Essays on Business and Employment Law Assignment

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The paper "Business and Employment Law " is a perfect example of a Business Assignment. In this problem, Fatama had refused to use the new machinery introduced by Graham, intended to speed up production. For advising Fatama, regarding her right to continue working with the previous machinery, it is to be examined whether Fatama is an employee or worker. In this regard, Section 230(1) of the Employment Rights Act 1996 defines an employee as an individual who has entered into or works under, or who had worked under an employment contract. With regard to whether the employer has adequate control over an employee, it has been the usual practice with tribunals to concentrate upon the extent of control that the employer exercises on a regular basis.

Whilst deciding in White and Todd v Troutbeck, the employment appeal tribunal (EAT) held that emphasis had to be upon whether the employer had retained an overarching right of control over the employee during the period of employment, which is evidently a simpler condition for the prospective employee to satisfy. This decision of the EAT had been upheld by the Court of Appeal, which stated that the absence of actual daily control could not be deemed the determining factor. In addition to working under a contract of employment, the following necessary elements have to be present: first, the individual must have a contract with the employer.

Second, the work has to be carried out by the individual personally. Third, the mutuality of obligation has to be present between the parties. Fourth, the work carried out by the employee has to be under the control of the employer. In our problem, Fatama had been working for three years, under the control of the employer with manual training provided by them.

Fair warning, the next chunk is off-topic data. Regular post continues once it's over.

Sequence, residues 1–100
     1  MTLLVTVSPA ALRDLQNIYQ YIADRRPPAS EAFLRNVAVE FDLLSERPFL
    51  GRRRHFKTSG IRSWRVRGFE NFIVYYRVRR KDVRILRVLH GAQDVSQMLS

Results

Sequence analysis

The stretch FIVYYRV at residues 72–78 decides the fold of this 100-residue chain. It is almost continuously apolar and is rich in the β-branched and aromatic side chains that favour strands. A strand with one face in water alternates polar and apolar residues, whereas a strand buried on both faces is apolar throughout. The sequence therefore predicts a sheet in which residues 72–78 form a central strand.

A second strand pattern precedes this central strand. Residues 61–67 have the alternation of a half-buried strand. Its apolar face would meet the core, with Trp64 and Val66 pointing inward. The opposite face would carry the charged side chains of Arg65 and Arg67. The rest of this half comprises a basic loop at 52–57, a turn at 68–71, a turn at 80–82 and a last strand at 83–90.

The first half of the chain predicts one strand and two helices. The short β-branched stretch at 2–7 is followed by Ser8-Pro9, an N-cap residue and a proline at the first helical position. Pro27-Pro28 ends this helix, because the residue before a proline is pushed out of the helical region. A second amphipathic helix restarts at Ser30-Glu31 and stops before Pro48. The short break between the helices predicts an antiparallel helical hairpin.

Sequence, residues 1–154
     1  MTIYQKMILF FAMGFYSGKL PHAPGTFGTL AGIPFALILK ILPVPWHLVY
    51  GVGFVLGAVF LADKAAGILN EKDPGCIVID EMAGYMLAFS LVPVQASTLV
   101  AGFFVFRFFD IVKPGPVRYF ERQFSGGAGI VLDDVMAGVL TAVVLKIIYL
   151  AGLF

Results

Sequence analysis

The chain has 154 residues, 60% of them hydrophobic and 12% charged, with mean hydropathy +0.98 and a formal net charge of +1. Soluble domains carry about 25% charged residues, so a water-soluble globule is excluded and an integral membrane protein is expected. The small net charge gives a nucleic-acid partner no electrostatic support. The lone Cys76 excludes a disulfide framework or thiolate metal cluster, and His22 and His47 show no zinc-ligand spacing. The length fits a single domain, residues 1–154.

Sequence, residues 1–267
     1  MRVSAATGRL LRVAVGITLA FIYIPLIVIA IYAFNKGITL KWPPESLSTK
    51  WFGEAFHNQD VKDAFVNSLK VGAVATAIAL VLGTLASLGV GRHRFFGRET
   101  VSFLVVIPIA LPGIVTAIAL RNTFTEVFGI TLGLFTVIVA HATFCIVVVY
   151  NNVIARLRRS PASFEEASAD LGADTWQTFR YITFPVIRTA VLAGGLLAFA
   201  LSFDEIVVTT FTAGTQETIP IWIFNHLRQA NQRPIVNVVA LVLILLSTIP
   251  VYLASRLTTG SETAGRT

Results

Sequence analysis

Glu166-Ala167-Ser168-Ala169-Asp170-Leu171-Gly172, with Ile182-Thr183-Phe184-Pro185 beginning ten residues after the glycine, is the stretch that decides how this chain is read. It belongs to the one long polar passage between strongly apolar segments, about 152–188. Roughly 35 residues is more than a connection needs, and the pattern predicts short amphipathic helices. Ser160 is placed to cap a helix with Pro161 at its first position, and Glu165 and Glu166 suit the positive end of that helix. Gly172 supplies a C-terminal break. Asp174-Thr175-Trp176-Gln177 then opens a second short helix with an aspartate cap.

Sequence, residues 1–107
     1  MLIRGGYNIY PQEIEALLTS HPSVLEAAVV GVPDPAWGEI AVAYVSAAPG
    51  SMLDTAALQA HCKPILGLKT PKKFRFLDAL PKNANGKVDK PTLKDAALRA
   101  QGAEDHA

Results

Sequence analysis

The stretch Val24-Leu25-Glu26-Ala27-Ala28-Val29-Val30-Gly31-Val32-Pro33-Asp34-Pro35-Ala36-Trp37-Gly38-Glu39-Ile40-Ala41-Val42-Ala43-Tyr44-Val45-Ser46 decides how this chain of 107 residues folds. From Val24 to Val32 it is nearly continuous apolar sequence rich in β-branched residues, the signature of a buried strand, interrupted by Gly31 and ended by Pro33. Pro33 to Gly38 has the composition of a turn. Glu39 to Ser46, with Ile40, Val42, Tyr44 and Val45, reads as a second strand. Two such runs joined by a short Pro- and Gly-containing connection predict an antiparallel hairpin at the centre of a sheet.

Hence, Fatama can be deemed an employee of the firm and she is obliged to follow the instructions and work under the control of the new manager. She cannot refuse training for using the new equipment that is intended to speed up production since she has a mutuality of obligation with her employer to accept the work allocated to her. In this regard, the requirement that the employer exercises control over the employee is central to establishing employee status.

Regarding agency workers, it is indeed an onerous task to prove this. For instance, in Dacas v Brook Street Bureau, Dacas had been working for six years at a local authority hostel for the local, as an agency worker. The Court of Appeal ruled that notwithstanding an express condition to the contrary, an implied contract of employment was in place betwixt Dacas and the local council. Despite the presence of all the aforementioned elements, employment status is not automatic. The intention of the parties is considered by employment tribunals.

The latter also take into consideration the extent to which the individuals carrying out the work provide their own equipment, bear financial risk or are integrated into the business. Every feature of the relationship is scrutinized by the employment tribunals, and no factor, in isolation, is regarded as being decisive.

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